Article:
That half of a degree difference may not seem like much, but it counts. Also, keep in mind that your temperature change happens after ovulation, which means that once it goes up, you've probably already missed your chance to become pregnant in that cycle. But by charting your temperature every day over several cycles, you may start to see a pattern that lets you predict when you are most fertile.
Tips for Taking and Understanding Your Basal Body Temperature
Begin taking your temperature on the first day of your period. You will need a thermometer that measures by tenths of degrees.
Make sure you take it about the same time every day, preferably before you get out of bed in the morning.
Don't do anything -- eat, drink, smoke, or even move around -- before you take your temperature.
You can take your temperature however you want -- orally, rectally, or vaginally -- but make sure you use the same technique each time.
Write down your temperature every day on your fertility chart. You can make a graph, with each day of your cycle on the bottom and temperatures on the left, connecting the dots as you go.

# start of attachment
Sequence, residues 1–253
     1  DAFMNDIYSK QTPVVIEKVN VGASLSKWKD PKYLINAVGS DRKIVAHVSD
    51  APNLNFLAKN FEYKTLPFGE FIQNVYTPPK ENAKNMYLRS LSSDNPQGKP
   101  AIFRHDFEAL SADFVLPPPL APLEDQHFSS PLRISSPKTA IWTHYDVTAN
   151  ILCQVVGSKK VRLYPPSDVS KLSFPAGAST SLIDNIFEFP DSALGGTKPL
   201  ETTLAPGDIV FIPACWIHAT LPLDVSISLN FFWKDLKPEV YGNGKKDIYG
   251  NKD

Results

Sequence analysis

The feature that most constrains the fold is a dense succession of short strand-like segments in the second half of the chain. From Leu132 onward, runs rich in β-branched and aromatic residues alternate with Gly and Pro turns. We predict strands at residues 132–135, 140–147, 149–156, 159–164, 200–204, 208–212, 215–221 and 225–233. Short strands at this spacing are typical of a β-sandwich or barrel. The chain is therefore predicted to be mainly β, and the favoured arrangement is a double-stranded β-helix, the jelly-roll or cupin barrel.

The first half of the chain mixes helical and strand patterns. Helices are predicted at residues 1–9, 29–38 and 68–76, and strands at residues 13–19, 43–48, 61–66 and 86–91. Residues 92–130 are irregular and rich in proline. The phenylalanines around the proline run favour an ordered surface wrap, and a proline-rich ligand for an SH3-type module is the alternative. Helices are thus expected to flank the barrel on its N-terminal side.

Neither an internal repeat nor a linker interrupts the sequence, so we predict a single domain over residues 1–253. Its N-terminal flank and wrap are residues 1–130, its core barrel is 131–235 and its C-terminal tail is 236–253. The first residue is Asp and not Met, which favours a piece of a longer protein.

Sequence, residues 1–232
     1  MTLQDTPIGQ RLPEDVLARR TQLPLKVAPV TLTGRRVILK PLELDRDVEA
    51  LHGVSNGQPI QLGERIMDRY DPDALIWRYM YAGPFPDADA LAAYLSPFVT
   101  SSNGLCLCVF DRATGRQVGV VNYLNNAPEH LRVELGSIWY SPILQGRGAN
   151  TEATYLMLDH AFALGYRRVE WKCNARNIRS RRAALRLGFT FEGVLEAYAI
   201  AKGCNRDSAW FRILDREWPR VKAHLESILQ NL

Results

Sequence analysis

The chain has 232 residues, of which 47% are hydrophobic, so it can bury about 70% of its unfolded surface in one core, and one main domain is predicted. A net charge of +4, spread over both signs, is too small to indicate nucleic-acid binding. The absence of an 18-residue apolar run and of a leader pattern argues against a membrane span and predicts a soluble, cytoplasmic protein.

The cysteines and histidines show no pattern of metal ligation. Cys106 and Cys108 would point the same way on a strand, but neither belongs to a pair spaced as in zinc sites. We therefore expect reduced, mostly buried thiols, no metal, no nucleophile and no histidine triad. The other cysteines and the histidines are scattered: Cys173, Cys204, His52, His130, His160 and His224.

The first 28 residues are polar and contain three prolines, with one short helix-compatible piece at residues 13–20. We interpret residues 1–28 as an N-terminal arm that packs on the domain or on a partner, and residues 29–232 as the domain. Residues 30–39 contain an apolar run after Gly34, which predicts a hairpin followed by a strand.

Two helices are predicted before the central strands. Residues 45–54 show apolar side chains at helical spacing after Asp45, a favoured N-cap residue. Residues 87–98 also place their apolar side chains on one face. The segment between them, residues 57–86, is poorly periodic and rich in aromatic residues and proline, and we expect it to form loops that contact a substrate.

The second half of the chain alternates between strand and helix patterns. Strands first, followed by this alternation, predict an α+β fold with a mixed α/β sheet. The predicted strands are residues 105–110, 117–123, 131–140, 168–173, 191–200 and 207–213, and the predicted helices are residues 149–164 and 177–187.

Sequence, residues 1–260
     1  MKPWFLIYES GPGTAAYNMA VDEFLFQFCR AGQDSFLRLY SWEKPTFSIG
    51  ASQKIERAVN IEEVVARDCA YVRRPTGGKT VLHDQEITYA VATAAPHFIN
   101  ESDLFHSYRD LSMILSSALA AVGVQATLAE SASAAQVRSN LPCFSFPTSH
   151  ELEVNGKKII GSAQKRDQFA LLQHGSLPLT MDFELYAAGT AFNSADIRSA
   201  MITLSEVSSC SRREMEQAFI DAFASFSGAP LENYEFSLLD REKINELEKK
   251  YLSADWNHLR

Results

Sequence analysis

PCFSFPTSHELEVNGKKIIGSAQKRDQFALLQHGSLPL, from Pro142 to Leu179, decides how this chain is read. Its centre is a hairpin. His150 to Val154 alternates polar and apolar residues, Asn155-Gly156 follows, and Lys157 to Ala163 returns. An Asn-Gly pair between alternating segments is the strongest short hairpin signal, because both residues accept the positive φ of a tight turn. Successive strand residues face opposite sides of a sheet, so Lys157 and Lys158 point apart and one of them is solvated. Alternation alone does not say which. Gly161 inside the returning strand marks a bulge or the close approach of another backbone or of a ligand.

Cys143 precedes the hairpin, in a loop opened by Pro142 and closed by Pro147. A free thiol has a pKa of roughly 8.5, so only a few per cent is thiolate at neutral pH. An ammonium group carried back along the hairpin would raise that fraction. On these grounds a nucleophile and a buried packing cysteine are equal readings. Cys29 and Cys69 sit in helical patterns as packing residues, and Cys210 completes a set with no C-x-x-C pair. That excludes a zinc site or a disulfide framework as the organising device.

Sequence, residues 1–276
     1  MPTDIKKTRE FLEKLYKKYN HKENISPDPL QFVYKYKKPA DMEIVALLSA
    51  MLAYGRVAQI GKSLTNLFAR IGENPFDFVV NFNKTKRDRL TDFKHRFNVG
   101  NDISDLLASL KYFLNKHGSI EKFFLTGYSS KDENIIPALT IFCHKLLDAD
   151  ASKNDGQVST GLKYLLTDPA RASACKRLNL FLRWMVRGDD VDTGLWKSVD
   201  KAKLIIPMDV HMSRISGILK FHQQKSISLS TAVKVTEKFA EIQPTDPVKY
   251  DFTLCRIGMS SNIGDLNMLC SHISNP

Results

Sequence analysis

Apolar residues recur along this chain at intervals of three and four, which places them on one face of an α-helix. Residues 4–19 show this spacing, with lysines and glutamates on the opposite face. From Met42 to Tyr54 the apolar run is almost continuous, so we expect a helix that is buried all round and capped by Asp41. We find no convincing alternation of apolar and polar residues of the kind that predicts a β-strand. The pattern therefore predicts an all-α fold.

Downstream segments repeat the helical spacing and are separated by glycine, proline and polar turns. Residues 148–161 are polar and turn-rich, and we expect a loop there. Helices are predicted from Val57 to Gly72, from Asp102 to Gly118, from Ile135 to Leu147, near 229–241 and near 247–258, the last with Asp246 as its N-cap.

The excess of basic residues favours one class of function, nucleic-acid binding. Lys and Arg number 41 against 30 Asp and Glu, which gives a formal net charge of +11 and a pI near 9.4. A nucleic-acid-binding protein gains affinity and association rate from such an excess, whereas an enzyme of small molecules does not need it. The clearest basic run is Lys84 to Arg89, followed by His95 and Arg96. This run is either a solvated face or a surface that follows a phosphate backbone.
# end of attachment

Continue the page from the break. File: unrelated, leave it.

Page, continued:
Keep in mind that you will probably get some occasional freak readings -- either high or low temperatures -- that don't fit into the larger pattern. If they don't happen often, don't worry about them.
After few months, you may begin to see a pattern that shows when you usually ovulate. You may want to have your doctor look at the chart to help you interpret it.
Although charting is widely used, it isn't foolproof. Some women may not see a clear pattern emerge in their temperature. Since ovulation can happen at different times in your cycle from one month to the next, your chart may not predict when you'll ovulate.
Cervical Mucus and Ovulation